|Opera by Richard Strauss|
Strauss in 1922, by Ferdinand Schmutzer
|Librettist||Hugo von Hofmannsthal|
1 July 1933
Sächsisches Staatstheater, Dresden
It was first performed on 1 July 1933 at the Dresden Sächsisches Staatstheater. The opera received its premiere in the UK on 17 May 1934 at London's Royal Opera House. Two decades later, on 10 February 1955, it was performed at the Metropolitan Opera in New York with Eleanor Steber in the title role. The Met has given 58 performances of the work since that date. In 2008, the production by Opera Australia won the Helpmann Award for Best Opera. Productions since 2012 have included performances in Vienna, Tokyo, Paris, Salzburg, Nuremberg, Hamburg, Budapest, Amsterdam, Santa Fe Opera, Pittsburgh, Minneapolis, and San Francisco.
|Role||Voice type||Premiere cast, 1 July 1933|
(conductor: Clemens Krauss)
|Zdenka, her sister||soprano||Margit Bokor|
|Count Waldner, their father, a retired cavalry officer||bass||Friedrich Plaschke|
|Adelaide, their mother||mezzo-soprano||Camilla Kallab|
|Mandryka, a Croatian landowner||baritone||Alfred Jerger|
|Matteo, a young officer||tenor||Martin Kremer|
|Count Elemer, one of Arabella's suitors||tenor||Karl Albrecht Streib|
|Count Dominik, another||baritone||Kurt Böhme|
|Count Lamoral, a third||bass||Arno Schellenberg|
|The Fiakermilli, belle of the Coachmen's Ball||coloratura soprano||Ellice Illiard|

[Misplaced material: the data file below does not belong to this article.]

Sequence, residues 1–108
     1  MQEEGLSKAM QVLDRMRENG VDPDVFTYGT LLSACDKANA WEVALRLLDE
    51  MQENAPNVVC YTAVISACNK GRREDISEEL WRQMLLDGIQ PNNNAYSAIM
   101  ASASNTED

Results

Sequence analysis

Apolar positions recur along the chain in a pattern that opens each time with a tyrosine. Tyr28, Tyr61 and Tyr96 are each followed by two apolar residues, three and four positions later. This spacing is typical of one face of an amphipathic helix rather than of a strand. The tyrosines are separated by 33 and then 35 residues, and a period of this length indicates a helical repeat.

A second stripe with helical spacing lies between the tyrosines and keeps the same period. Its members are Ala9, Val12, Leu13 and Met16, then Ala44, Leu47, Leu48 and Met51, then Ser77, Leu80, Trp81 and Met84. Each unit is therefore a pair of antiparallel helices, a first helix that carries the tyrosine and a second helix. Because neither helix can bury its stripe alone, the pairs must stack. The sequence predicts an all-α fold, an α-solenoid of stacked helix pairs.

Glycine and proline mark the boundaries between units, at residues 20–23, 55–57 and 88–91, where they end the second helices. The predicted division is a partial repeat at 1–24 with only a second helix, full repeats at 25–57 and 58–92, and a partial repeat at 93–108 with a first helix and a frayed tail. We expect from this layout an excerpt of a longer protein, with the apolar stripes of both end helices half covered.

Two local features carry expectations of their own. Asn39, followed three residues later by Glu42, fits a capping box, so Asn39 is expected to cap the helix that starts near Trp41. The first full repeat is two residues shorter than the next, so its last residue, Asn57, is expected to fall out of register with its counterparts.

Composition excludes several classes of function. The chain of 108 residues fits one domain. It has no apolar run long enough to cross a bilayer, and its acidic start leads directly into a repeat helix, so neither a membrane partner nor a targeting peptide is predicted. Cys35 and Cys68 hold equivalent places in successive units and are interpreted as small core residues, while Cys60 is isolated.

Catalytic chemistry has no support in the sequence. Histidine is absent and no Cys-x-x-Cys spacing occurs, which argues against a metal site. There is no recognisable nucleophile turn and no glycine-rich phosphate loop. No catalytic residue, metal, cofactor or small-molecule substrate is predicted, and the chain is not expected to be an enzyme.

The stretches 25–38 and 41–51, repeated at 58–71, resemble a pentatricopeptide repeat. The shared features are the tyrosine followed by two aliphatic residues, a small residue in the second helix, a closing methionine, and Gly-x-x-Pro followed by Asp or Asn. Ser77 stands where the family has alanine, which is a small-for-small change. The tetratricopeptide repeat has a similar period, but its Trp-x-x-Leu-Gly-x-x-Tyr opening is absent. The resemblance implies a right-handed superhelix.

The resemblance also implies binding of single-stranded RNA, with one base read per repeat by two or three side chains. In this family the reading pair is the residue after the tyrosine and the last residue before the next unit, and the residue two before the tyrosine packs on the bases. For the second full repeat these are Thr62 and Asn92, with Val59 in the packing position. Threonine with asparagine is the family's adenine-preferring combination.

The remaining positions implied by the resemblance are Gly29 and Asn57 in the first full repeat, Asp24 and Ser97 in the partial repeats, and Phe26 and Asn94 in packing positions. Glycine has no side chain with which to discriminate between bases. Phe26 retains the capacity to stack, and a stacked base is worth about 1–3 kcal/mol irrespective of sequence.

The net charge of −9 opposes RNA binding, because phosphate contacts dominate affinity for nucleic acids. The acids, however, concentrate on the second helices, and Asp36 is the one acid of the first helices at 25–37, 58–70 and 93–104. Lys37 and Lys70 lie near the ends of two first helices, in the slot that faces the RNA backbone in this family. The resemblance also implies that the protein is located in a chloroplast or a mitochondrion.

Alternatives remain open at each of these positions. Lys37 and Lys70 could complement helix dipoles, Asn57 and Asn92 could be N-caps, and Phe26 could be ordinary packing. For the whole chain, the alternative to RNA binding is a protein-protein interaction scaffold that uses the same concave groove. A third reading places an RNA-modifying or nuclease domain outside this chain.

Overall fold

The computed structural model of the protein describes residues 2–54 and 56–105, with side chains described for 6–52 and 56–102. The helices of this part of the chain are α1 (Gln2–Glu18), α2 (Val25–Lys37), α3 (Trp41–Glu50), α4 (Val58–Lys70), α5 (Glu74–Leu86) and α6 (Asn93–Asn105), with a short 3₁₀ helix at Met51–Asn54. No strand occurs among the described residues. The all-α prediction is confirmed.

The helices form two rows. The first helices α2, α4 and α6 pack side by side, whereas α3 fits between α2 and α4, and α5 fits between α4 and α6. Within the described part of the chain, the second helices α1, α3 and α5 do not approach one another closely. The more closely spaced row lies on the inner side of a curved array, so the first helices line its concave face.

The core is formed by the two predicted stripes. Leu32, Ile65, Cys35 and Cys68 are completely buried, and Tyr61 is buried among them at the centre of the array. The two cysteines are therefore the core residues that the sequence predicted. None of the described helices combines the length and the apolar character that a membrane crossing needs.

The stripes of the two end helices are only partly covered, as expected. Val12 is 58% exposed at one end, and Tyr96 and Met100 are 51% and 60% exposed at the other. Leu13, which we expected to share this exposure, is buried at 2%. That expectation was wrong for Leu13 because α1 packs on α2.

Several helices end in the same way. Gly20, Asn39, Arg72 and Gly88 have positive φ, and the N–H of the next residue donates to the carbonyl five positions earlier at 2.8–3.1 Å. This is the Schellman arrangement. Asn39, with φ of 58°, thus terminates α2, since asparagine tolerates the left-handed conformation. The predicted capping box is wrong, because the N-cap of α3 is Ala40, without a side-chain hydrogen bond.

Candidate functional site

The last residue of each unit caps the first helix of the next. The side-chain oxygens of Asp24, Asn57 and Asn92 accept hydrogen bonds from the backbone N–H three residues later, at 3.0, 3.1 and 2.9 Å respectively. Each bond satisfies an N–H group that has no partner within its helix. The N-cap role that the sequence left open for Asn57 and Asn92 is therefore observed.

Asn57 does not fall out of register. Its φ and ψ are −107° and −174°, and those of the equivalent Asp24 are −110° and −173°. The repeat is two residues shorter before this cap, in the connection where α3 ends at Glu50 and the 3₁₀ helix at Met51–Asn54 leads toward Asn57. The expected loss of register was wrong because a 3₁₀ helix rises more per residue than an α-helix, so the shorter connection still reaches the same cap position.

|A fortune-teller||soprano||Jessyka Koettrik|
|Welko, Djura, Jankel, Mandryka's servants||spoken||Robert Büssel,|
|Hotel Porter||spoken||Ludwig Eybisch|
|A chaperone, three card players, a doctor, a waiter||silent|
|Coachmen, waiters, ball guests, hotel residents|
- Time: 1860s
- Place: Vienna
In a hotel in Vienna
As the curtain opens, Countess Adelaide is having her fortune told. The fortune teller predicts Arabella will marry a man from far away, but that trouble may be in store. The Waldners have a second daughter, Zdenka, but since they cannot afford two daughters marrying, they have indulged her tomboyishness by pretending she is a boy, whom they present as "Zdenko." Zdenka secretly loves Matteo, a penniless officer who loves Arabella. To prevent him from committing suicide, Zdenka writes him love letters she signs with Arabella's name. Zdenka reproaches Arabella for her unsympathetic treatment of Matteo, but Arabella says that she is hoping for the "Right Man," to whom she can give her heart completely. Meanwhile, Arabella is wooed by three suitors, Elemer, Dominik and Lamoral, and acknowledges that she may have to accept one of them, but has fallen in love at first sight with a stranger she passed in the street.
Count Waldner, in dire straits, has written to all his friends for financial help, to no avail. He was hopeful for an answer from an old and immensely wealthy Croatian friend of his, Mandryka, even sending him a portrait of Arabella in hopes of a marriage. A visitor announced as Mandryka arrives and Waldner is surprised to see that it is not his friend. The man explains he is Mandryka's nephew, also named Mandryka. His uncle is dead, and as his only heir, he has acquired his fortune; he also received the letter and portrait. From seeing the portrait, he has fallen in love with Arabella. He offers to marry her and gives Waldner money.